“I remember having a conversation with a French artist in Berlin who was working on a sound installation to investigate the sounds of soil,” said Lehmann, professor of soil and crop sciences in the College of Agriculture and Life Sciences (CALS). “She asked, ‘Is soil really silent? Or are there sounds? Surely there are animals making sounds. Has anyone listened to the soil?’”
Back in Ithaca, he met with researcher Holger Klinck, director of the bioacoustics lab at the Cornell Lab of Ornithology. “I presented this kind of provocative thought here and invited people from across the university,” Lehmann said. “I’ve been a soil scientist for 30 years, and I’ve never thought about what sounds the soil makes. It’s the greatest biodiversity on Earth, and it’s something we wanted to follow up on.”
Lehmann and Klinck sounded out two other Cornell scientists – associate professor of entomology Kyle Wickings and assistant professor of civil and environmental engineering Greg McLaskey – to join in a project to listen to the Earth. Wickings is the principal investigator on “Sounds of Soil,” a project to develop inexpensive acoustic sensors to detect, monitor and study populations of soil-dwelling organisms – in particular, disruptive insects that feed on roots, affecting both plant and soil health. The project received a Venture Fund grant from the Cornell Atkinson Center for Sustainability in June 2018.
The artist Lehmann met in Berlin, Karine Bonneval, is on campus for a residency with Lehmann until Nov. 17 and will discuss her work in a public lecture Oct. 28 at 5:15 p.m. in Milstein Auditorium. She will have an art exhibition Nov. 10-16 in the Experimental Gallery in Olive Tjaden Hall, with an outdoor art installation on the Ag Quad that she is building with students Kimberly Garcia ’22; Shiyi Li, M.P.A.’15, M.S. ’18; and KAR Robison ’20.
Bonneval has worked with scientists since 2014 to develop collaborative projects focused on trees and plants and their environments, combining research and creation. In her public lecture, she will discuss projects including “Listen to the Earth,” with Lehmann and biologist Matthias Rillig from Berlin, based on recent research on linkages between sound, soil, plant root behavior and fungi.
The three have co-authored a paper published in Soil Systems, “Sounds of Soil: A New World of Interactions Under Our Feet?” that introduces sound equipment to soil research and investigates whether biota tap into “sound, particularly vibrations, as a source of information,” e.g., between plants and microbes. Sound is just one avenue of communication and connectivity in a realm where chemical information moves freely and vast fungi networks are abundant.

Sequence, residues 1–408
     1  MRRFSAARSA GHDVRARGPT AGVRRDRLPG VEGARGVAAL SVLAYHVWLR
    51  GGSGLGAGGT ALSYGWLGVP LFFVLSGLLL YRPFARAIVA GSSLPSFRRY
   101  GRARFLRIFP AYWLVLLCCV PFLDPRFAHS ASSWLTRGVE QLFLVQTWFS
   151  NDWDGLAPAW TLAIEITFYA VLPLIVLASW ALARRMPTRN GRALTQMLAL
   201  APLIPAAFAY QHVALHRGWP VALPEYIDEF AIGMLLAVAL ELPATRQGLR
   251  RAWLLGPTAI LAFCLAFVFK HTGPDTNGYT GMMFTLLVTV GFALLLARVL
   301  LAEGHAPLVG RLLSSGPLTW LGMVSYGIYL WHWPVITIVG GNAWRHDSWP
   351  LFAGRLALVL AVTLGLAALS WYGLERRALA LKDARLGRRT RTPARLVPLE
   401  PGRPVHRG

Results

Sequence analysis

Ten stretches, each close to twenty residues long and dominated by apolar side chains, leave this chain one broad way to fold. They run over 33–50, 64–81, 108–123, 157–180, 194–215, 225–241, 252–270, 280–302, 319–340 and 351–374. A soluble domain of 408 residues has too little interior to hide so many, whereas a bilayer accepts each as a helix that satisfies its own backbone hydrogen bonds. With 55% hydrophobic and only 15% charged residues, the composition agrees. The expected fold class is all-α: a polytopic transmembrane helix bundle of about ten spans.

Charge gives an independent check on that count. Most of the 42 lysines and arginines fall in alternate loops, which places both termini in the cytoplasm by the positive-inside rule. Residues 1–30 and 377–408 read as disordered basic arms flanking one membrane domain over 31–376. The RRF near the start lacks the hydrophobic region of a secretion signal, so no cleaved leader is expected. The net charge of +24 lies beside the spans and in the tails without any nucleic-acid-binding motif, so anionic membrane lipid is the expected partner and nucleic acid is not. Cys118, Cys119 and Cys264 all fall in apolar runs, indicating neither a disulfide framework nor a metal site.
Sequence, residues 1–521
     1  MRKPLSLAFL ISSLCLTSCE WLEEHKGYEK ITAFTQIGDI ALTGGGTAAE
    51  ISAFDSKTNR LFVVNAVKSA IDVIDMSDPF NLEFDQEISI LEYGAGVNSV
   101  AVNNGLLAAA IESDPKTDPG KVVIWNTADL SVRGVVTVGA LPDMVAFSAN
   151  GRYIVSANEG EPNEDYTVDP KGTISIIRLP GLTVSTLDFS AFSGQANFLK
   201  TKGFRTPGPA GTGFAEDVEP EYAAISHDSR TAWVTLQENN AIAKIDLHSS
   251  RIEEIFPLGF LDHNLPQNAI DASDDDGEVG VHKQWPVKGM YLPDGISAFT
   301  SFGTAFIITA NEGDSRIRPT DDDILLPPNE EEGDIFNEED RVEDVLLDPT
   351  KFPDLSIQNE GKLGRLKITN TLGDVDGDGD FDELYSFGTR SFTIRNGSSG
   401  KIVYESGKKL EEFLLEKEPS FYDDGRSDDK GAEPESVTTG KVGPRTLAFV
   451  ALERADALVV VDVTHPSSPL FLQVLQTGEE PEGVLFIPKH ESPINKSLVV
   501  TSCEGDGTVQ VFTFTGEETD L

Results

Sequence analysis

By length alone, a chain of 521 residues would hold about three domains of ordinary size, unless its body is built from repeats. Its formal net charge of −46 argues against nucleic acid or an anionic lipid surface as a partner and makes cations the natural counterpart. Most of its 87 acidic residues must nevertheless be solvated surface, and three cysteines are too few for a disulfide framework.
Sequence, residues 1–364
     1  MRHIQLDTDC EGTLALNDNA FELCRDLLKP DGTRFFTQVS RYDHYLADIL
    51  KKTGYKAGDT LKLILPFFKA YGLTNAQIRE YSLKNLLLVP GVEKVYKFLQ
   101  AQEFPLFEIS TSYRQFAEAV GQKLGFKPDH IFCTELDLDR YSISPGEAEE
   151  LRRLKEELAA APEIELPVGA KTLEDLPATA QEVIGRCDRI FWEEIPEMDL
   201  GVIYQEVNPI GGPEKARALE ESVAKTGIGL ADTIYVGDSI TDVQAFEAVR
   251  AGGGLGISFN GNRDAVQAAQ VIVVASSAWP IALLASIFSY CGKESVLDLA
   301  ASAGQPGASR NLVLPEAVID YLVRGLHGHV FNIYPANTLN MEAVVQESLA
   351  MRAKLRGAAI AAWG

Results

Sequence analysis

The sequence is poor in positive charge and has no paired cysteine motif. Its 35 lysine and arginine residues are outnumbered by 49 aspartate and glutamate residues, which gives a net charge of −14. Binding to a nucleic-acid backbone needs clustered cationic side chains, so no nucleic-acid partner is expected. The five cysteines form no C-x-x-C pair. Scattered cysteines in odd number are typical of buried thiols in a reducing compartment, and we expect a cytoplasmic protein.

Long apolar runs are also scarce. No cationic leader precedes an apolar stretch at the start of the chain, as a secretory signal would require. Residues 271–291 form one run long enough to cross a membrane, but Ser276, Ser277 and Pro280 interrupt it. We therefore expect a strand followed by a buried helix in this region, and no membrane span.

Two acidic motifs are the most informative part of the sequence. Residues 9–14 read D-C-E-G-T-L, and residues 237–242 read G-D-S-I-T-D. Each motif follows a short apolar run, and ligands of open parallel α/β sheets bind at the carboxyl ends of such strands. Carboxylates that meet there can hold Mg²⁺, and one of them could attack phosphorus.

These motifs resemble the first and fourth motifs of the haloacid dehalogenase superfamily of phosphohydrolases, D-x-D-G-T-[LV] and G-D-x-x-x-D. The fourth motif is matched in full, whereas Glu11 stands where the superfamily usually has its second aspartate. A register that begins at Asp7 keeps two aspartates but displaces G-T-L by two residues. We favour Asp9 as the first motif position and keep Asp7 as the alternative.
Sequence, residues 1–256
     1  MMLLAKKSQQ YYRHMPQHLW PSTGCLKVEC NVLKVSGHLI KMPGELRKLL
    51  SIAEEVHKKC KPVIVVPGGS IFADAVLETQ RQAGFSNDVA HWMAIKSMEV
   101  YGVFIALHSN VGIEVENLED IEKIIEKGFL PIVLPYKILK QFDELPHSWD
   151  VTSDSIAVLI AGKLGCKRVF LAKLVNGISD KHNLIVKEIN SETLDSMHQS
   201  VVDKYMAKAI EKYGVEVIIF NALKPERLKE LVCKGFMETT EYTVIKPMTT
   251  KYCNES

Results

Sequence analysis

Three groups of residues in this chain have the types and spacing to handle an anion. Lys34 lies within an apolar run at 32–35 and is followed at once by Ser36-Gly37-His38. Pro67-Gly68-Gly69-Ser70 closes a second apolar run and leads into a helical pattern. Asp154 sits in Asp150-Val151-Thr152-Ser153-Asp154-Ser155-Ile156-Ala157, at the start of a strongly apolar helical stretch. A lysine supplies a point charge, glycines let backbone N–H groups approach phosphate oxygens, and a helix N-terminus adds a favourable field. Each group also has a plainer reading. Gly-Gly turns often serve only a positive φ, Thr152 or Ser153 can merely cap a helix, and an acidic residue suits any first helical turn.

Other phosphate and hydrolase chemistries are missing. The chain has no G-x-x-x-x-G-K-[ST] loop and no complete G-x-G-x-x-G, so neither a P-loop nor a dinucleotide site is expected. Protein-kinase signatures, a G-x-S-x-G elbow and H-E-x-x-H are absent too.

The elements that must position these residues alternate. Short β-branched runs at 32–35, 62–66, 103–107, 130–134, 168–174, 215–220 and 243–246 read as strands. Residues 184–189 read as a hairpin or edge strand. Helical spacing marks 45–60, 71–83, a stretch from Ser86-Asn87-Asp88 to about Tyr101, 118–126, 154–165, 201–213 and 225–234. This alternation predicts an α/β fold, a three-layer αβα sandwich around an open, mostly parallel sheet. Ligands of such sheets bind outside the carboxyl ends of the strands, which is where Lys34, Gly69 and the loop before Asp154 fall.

The work from both projects will have implications for biodiversity monitoring and managing agricultural insect pests.
Art is no outlier in Lehmann’s scientific world; he currently co-teaches the Environmental and Sustainability Sciences colloquium with Verity Platt, professor of classics and the history of art in the College of Arts and Sciences. The class “introduces students from the environmental sciences major in CALS and Arts and Sciences, and the wider university, to the humanities view of environmental problems and sustainability,” Lehmann said.
He recalled when redesigning the course about five years ago, “I said, ‘Let’s invite artists, curators, poets, people in the performing arts, theater, to provide their view on sciences and the environment.”
The three-credit option for the course is included in the new environmental humanities track within the major, Platt said.
“It’s a very inspiring and exciting learning process,” she said. “It’s mostly science students, and they’re very open-minded and ready to get into discussion. I am definitely learning from them as much as they are learning from me. They have impressed me with their subtle responses to fiction, essays, poetry, landscape painting and film. They’re very brave and full of ideas.”
Discussion topics have included trees and the “wood-wide web,” indigenous concepts of knowledge and place, environmental issues in contemporary fiction, and climate crisis in the visual arts.
“It’s really quite radical for scientists and humanists to be exploring these things together,” Platt said. “Eco-criticism is a rapidly developing field that is attracting a lot of interest in the humanities right now.”
Two years ago, the instructors invited Bill Gaskins, then a professor of art at Cornell, to give a lecture. “He didn’t even really talk about science, but about how he came to think about creativity,” Lehmann said. “It was truly eye-opening. As an emerging professional artist, he [said he] had to think hard to come up with new formal language and new questions to ask.
“I thought about how we learn and how we conduct science,” Lehmann said. “Bill discussed his very earnest way of thinking about creativity, and I thought about the students who understood his message. There was some fertile ground there.”
Lehmann and Gaskins met several times afterward and discussed the links between these different modes of inquiry, leading to a co-authored paper on scientific creativity. The paper argues for universities establishing an institutional framework for “transformative creativity,” and considers factors including the role of critique in the artistic and scientific process.
“We don’t like to err, and we’re not giving that enough space, to err and document the errors we make,” Lehmann said. “This is something that leads us in a completely different direction. There’s quite a lot of beauty in that error. It’s an ongoing discussion, I think, about how we make this cross-disciplinary learning and inspiration happen.”
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